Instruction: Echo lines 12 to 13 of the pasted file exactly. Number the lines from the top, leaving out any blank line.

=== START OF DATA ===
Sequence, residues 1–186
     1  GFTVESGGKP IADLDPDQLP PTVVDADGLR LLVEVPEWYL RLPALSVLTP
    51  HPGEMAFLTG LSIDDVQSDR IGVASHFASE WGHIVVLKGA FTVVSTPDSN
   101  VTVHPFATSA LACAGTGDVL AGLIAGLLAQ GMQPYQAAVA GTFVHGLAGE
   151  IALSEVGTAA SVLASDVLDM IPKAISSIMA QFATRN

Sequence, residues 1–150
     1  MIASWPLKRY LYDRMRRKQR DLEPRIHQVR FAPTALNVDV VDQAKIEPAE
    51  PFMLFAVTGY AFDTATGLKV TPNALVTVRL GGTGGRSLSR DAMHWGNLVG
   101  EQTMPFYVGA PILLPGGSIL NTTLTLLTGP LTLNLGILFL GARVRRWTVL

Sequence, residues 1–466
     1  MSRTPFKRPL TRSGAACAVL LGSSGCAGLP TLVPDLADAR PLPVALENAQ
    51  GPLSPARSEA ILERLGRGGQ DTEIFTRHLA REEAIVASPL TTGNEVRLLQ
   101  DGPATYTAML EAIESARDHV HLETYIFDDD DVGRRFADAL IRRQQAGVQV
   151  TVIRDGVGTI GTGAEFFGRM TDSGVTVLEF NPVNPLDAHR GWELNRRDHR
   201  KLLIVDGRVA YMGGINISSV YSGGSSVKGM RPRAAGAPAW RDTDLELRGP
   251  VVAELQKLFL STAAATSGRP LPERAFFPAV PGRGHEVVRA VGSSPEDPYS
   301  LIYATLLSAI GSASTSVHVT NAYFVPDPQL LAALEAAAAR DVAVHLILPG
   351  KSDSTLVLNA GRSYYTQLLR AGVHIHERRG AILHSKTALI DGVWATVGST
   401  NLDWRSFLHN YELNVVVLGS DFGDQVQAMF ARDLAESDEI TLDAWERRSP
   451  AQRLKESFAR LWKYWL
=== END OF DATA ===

    51  GPLSPARSEA ILERLGRGGQ DTEIFTRHLA REEAIVASPL TTGNEVRLLQ
   101  DGPATYTAML EAIESARDHV HLETYIFDDD DVGRRFADAL IRRQQAGVQV